The 10 Count was first originated by Edward Thorp, a former mathematics professor at MIT who is considered to be the man who created modern card counting. Thorp put early computers to use to run vast amounts of blackjack calculations and then went to the casinos of Las Vegas to put his theories to the test. He was eventually barred after winning too much money with his strategies, yet continued to return wearing different disguises.
In 1962 Thorp published his famous book “Beat the Dealer” which detailed the 10 Count system. Even though others had come up with card counting strategies before, and the 10 Count has since been made redundant by other methods, it remains the first publically known card counting system considered to be mathematically proven. Here you can find out how to use it, why it works and what its drawbacks are.
10 Count – How to Use the 10 Count
As you sit down at the table, or when the deck is shuffled you will have a mental count of zero in your head. Then as cards are dealt out, no matter whose hand they belong to they are given a value which is added to the count. These values are:
- A, 2, 3, 4, 5, 6, 7, 8, 9 = +4
- 10, Jack, Queen, King = -9
While the math here is simple, you are either adding 4 or subtracting 9, you will need to be quick with your calculations especially on a full table with lots of cards on show.
To begin with you should start with your minimum bet as the count goes positive, the higher it gets the more you should increase your wagers. When the count starts to return to zero or go negative you should lower your bets and return to betting minimum.
The whole time you should rely on basic strategy to determine your playing decisions.
10 Count – Why the 10 Count Method Works
In the 10 Count system you are basically keeping track of the odds of receiving a 10-value card. The higher the count goes the greater chance you have of seeing a 10.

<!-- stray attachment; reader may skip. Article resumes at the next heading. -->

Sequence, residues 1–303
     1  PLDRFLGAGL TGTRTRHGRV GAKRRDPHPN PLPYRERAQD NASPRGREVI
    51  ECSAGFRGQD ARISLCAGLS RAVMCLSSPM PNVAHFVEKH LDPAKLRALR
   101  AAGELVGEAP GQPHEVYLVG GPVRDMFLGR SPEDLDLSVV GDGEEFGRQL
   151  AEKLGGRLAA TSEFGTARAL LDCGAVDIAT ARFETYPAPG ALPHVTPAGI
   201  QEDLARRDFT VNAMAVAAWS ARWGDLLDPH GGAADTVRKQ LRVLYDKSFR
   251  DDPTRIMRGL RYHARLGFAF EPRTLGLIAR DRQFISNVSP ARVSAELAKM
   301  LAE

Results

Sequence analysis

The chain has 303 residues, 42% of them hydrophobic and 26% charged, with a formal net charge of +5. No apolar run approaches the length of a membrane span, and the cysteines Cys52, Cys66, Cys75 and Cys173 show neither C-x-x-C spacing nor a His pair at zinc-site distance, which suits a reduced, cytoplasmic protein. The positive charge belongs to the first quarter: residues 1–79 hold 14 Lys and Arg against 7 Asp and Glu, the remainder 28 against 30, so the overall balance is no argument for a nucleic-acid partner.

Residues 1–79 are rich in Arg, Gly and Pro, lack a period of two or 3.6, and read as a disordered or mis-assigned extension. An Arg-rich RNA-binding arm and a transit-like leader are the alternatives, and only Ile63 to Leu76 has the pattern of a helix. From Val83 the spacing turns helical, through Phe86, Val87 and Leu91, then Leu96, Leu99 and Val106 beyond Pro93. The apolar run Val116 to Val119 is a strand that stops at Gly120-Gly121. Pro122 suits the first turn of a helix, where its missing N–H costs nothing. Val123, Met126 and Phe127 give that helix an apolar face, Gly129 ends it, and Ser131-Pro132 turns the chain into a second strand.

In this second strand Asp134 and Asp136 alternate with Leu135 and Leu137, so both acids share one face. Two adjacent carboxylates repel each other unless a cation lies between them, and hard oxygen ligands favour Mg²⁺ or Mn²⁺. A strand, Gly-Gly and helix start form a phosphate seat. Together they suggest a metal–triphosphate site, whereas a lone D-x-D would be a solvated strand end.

When you are playing basic strategy and flat betting the house edge will remain constant across the session. During individual hands the edge can swing in the player’s favor, particularly when there are more 10s to come out. As basic strategy assumes the next card will always be a 10, it will become truer with more 10s available to come. By betting higher in these spots you increase your profits when the game is most favorable to you.
10 Count – Limitations of the 10 Count System
The main limitation of this method is it is only useful for single deck games, which are rare to find now. This is because, as Peter Griffin pointed out in his book “The Theory of Blackjack”, Thorp did consider the effect on the remaining deck after each card was removed. Thorps calculations were based on false assumptions.
As Griffin demonstrated in his calculations the effect of just a one card being removed could create a lot of variance in the house edge. The removal of a single ace for example, can affect the house edge by -0.61% from the house while a 5 can add +0.69% to it.
While these changes had less of an effect over a single deck game, they became a lot more significant in a multi-deck game, especially in the 4-8 deck games that many casinos now operate routinely.
Despite its faults the 10 Count System and Thorp’s book sparked a huge public interest in card counting. It inspired later mathematicians and blackjack experts to go further in examining theories and developing new card counting systems. Thorp himself created a more accurate count along with computer expert Julian Braun in 1966. This was the Hi-Lo count which has since become very popular and is regarded as the best counting system a beginner can learn.